Edema associated with the use of oral minoxidil is widely documented in the literature.1–6 This effect is directly due to the drug's induction of capillary vasodilatation. The resulting edema most often affects the lower limbs, and develops in 1–10% of cases, depending on the dose used.3,5 Although it can occur in patients receiving doses as low as 1mg/day, the risk is much higher in those treated with 5mg/day.3 The likelihood of edema may be higher in obese patients and those receiving concomitant treatment with calcium channel blockers.5 It is not a serious adverse effect and does not result in long-term complications. It can even remit spontaneously after 2–3 months of treatment without the need to alter the dose regimen.5 In the most severe cases it can markedly impact quality of life, and may necessitate discontinuation of treatment.6 While edema in the lower limbs is a relatively common adverse effect, its appearance in other locations, such as the face, is unusual, accounting for around 0.3% of cases.4

While periorbital edema associated with low doses of oral minoxidil is very rare, we believe it is very important to be aware of this adverse effect. Its appearance in the morning is probably a result of prolonged decubitus, hence its spontaneous resolution during the day. In most of the cases described, and in the cases reported here, this effect is mild, and although dose reduction may be required, treatment discontinuation is not usually necessary. However, the location is very striking, and can give rise to confusion with allergic angioedema, which requires immediate attention. It is therefore important that patients are aware of this possible adverse effect and the accompanying warning signs.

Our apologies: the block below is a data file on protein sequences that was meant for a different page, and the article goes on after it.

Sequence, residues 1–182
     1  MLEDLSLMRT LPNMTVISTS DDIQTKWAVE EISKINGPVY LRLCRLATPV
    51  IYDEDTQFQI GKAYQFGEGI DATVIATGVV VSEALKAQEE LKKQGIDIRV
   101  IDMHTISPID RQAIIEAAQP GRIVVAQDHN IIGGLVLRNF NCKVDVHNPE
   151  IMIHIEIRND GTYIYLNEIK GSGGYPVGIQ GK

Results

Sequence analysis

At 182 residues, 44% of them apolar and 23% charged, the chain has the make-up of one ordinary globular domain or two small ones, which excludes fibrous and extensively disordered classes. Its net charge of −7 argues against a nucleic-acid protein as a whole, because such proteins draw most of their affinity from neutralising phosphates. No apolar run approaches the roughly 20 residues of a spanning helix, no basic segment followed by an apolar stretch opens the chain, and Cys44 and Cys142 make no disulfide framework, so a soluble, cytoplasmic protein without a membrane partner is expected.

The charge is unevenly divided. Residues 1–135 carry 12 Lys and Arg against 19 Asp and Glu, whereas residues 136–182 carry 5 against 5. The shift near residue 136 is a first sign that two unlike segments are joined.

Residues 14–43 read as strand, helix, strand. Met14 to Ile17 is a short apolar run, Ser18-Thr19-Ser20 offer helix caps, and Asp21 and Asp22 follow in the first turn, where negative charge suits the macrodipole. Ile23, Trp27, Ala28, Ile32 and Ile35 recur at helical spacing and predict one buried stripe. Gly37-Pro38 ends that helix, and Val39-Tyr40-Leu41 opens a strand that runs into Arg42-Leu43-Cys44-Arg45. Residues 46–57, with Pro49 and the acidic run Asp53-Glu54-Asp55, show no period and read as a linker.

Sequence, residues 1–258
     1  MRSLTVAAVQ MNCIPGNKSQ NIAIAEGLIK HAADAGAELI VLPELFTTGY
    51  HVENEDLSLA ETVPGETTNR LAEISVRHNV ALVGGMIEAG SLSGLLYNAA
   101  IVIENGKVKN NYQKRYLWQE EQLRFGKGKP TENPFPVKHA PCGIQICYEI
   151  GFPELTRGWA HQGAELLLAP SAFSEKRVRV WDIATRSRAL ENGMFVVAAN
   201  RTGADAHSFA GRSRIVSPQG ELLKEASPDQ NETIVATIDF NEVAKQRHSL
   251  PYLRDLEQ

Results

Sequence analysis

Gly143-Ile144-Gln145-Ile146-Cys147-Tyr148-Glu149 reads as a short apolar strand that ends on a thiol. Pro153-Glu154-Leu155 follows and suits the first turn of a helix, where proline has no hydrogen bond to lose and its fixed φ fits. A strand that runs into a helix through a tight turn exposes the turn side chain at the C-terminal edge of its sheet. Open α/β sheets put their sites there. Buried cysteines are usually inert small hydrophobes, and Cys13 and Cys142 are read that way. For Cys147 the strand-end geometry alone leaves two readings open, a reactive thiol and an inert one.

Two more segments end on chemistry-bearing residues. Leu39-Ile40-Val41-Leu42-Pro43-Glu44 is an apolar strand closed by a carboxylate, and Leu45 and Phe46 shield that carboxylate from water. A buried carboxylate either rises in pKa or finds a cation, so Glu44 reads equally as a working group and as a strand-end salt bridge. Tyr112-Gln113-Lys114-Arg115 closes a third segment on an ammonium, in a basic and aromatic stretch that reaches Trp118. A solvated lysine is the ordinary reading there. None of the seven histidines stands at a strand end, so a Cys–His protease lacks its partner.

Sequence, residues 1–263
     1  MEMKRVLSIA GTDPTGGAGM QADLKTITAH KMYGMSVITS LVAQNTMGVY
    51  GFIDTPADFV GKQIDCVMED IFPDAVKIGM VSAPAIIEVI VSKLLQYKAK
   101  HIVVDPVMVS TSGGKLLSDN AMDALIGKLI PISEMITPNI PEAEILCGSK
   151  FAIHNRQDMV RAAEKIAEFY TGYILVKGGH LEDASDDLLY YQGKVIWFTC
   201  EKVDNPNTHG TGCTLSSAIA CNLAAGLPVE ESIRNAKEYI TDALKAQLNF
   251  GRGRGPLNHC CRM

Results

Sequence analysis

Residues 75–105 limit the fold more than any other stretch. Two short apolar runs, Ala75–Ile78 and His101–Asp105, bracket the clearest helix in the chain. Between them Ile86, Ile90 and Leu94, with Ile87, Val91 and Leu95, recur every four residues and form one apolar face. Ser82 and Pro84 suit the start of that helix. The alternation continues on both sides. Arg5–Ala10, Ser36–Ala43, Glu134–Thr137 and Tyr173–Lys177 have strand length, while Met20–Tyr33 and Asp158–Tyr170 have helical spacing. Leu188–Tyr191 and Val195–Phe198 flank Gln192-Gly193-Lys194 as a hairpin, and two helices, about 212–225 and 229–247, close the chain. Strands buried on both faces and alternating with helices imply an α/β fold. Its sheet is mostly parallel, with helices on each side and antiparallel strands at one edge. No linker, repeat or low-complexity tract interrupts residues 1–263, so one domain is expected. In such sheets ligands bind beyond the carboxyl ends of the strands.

I.J.B. do Nascimento, M. Harries, V.B. Rocha, J.Y. Thompson, C.H. Wong, H.K. Varkaneh, et al.
Effect of oral minoxidil for alopecia: systematic review.
Int J Trichol, 12 (2020), pp. 147-155
R.A. Beach.
Case series of oral minoxidil for androgenetic and traction alopecia: tolerability & the five C's of oral therapy.
Dermatol Ther, 31 (2018), pp. e12707
J. Jimenez-Cauhe, Saceda-Corralo G D., R. Rodrigues-Barata, O.M. Moreno-Arrones, D. Ortega-Quijano, D. Fernandez-Nieto, et al.
Safety of low-dose oral minoxidil treatment for hair loss. A systematic review and pooled-analysis of individual patient data.
Dermatol Ther, 33 (2020), pp. e14106
S. Vañó-Galván, R. Pirmez, A. Hermosa-Gelbard, Ó.M. Moreno-Arrones, D. Saceda-Corralo, R. Rodrigues-Barata, et al.
Safety of low-dose oral minoxidil for hair loss: a multicenter study of 1404 patients.
J. Am. Acad. Dermatol., 84 (2021), pp. 1644-1651
R. Panchaprateep, S. Lueangarun.
Efficacy and safety of oral minoxidil 5mg once daily in the treatment of male patients with androgenetic alopecia: an open-label and global photographic assessment.
Dermatol Ther (Heidelb), 10 (2020), pp. 1345-1357
M. Randolph, A. Tosti.
Oral minoxidil treatment for hair loss: a review of efficacy and safety.
J. Am. Acad. Dermatol., 84 (2021), pp. 737-746